The word “basest” is from the Aramaic “sh@pal” meaning “low” or “lowest (of station)” , suggesting that the position occupied by a ruler must be respected as appointed by God, even though the king himself might deserve little or no respect. The first part of the plan was to give warning. Since the king was a great believer in dreams, the initial avenue of approach was another dream like the one he had some twenty years before. That dream ended with a “stone” kingdom that “became a great mountain, and filled the whole earth” (Daniel 2:35). It was that kingdom the “watcher/watchers” and “holy ones” were hoping Nebuchadnezzar, as well as all “the living,” would accept.
Verse 18: This dream I king Nebuchadnezzar have seen. Now thou, O Belteshazzar, declare the interpretation thereof, forasmuch as all the wise men of my kingdom are not able to make known unto me the interpretation: but thou art able; for the spirit of the holy gods is in thee.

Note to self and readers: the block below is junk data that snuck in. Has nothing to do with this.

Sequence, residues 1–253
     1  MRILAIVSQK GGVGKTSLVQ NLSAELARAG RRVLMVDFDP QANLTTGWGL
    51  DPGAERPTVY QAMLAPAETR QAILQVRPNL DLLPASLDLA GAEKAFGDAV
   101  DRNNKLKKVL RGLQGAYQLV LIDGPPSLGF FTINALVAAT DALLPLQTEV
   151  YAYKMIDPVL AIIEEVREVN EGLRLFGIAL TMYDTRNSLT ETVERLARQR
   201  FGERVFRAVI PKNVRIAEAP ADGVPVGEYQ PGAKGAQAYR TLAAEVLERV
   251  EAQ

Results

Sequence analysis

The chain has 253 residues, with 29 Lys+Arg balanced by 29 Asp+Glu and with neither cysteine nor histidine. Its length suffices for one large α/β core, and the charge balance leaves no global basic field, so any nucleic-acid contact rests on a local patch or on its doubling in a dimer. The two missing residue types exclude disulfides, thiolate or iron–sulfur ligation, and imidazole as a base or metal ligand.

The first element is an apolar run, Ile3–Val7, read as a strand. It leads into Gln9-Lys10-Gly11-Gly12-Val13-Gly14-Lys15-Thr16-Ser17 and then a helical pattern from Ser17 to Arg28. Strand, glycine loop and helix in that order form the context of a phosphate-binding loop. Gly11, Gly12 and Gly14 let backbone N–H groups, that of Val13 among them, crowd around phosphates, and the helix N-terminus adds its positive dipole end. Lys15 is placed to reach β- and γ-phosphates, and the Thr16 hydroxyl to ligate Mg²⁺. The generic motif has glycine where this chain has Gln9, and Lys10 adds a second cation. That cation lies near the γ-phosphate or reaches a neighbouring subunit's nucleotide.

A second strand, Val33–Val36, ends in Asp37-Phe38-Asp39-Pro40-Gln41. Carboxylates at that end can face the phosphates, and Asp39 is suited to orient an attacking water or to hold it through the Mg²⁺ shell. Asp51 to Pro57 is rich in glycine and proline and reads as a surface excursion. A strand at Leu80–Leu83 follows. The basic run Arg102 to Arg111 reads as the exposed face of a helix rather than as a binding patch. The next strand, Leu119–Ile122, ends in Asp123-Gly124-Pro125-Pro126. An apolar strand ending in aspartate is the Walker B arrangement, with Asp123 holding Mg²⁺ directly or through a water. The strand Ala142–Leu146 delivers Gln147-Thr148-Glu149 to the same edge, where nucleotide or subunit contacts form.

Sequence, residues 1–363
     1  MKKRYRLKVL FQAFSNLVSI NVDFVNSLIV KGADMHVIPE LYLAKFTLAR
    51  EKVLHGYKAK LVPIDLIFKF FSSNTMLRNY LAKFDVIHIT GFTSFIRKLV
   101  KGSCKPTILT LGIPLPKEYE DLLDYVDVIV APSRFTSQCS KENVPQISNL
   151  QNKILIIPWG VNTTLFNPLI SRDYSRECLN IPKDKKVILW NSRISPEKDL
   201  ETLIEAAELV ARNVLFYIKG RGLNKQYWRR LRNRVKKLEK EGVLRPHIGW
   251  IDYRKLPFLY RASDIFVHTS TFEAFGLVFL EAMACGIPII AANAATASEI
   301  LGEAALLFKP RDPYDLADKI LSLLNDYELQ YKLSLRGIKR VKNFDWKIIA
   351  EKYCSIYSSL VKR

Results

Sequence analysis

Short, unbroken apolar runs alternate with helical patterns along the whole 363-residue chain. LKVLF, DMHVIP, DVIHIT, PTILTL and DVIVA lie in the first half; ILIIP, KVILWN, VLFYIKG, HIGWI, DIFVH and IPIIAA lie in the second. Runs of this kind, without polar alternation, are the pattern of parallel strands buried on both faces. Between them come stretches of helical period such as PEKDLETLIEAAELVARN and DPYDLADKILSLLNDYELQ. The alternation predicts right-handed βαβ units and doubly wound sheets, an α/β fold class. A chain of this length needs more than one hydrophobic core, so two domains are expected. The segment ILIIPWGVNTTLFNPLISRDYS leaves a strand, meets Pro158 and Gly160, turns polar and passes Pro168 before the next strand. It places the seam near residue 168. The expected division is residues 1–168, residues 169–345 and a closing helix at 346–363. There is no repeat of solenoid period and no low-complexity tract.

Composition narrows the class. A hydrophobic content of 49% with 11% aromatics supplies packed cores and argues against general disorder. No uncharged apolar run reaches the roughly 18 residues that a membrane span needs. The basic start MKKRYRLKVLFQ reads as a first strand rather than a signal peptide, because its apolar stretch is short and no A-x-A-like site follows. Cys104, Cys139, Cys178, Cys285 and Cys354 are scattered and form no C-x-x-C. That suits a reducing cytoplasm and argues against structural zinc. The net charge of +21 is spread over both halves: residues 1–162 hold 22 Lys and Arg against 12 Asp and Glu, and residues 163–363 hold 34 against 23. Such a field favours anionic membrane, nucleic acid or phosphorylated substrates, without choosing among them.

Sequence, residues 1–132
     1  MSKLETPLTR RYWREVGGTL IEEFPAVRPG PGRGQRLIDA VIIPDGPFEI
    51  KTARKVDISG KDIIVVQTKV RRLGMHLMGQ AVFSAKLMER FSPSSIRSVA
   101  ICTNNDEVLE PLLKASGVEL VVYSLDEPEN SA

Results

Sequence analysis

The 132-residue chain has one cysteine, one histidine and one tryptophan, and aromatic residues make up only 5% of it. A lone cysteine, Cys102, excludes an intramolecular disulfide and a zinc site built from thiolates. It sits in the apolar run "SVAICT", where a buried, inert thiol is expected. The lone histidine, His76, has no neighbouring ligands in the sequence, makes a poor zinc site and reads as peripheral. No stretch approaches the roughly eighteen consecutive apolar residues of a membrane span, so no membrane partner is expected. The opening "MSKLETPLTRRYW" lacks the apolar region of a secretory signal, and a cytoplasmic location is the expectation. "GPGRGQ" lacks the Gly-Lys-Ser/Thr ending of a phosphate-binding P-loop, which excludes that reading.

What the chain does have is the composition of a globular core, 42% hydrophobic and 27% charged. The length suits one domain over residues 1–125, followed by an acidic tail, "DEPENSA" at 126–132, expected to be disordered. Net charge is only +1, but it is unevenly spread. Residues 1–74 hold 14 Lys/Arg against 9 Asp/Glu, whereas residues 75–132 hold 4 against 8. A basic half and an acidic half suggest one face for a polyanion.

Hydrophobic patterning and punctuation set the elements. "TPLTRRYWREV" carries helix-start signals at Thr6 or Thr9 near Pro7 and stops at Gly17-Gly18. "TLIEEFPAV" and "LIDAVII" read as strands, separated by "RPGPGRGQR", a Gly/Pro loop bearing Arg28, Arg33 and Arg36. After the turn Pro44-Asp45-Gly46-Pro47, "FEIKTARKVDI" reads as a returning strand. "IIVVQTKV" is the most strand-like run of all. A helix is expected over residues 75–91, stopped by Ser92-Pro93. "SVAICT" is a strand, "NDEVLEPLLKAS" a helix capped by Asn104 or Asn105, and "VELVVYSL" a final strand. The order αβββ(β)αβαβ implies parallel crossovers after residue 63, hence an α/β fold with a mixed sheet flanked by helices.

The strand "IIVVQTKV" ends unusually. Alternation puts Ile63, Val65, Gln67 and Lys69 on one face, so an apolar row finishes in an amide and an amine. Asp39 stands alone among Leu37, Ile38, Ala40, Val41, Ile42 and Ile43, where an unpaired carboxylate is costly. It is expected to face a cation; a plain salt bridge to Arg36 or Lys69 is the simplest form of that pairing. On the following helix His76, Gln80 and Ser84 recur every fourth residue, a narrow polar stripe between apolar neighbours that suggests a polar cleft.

Evidently, in view of the fact that Daniel was not present when the dream was first explained (see verse 8), the king had gone over the details the second time especially for Daniel’s sake. Judging from the words expressed here, the king was fully confident that Daniel would be able to handle all the details that the others had avoided.
Verse 19: Then Daniel, whose name was Belteshazzar, was astonied for one hour, and his thoughts troubled him. The king spake, and said, Belteshazzar, let not the dream, or the interpretation thereof, trouble thee. Belteshazzar answered and said, My lord, the dream be to them that hate thee, and the interpretation thereof to thine enemies.
In verse 9, the king asserted: “no secret troubleth thee . . .” Here we see Daniel greatly troubled. He was stunned, perplexed, even embarrassed. He clearly understood the meaning right from the start, but felt reluctant to share it. At first, much like the wise men who “did not make [it] known,” he was speechless, not for “one hour,” as KJV reads, but for “a moment.”  In other words, he faltered.